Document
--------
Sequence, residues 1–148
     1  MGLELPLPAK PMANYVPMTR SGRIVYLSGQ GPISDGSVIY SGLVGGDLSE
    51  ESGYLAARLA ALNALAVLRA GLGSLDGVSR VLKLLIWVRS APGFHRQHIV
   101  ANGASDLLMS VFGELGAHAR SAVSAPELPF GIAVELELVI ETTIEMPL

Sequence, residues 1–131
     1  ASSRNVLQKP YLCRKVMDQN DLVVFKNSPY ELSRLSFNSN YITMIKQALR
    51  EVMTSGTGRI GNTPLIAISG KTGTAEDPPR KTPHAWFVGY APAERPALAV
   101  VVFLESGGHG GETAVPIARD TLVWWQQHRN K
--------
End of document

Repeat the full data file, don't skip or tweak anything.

Sequence, residues 1–148
     1  MGLELPLPAK PMANYVPMTR SGRIVYLSGQ GPISDGSVIY SGLVGGDLSE
    51  ESGYLAARLA ALNALAVLRA GLGSLDGVSR VLKLLIWVRS APGFHRQHIV
   101  ANGASDLLMS VFGELGAHAR SAVSAPELPF GIAVELELVI ETTIEMPL

Sequence, residues 1–131
     1  ASSRNVLQKP YLCRKVMDQN DLVVFKNSPY ELSRLSFNSN YITMIKQALR
    51  EVMTSGTGRI GNTPLIAISG KTGTAEDPPR KTPHAWFVGY APAERPALAV
   101  VVFLESGGHG GETAVPIARD TLVWWQQHRN K